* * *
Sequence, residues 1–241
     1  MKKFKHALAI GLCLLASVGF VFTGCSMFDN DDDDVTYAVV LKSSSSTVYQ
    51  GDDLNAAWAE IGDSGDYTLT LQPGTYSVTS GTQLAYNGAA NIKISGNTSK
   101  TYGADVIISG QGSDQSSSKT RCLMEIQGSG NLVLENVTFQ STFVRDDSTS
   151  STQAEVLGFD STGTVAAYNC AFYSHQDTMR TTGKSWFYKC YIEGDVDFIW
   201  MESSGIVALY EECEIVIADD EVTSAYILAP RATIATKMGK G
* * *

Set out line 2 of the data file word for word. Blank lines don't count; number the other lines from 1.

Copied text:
     1  MKKFKHALAI GLCLLASVGF VFTGCSMFDN DDDDVTYAVV LKSSSSTVYQ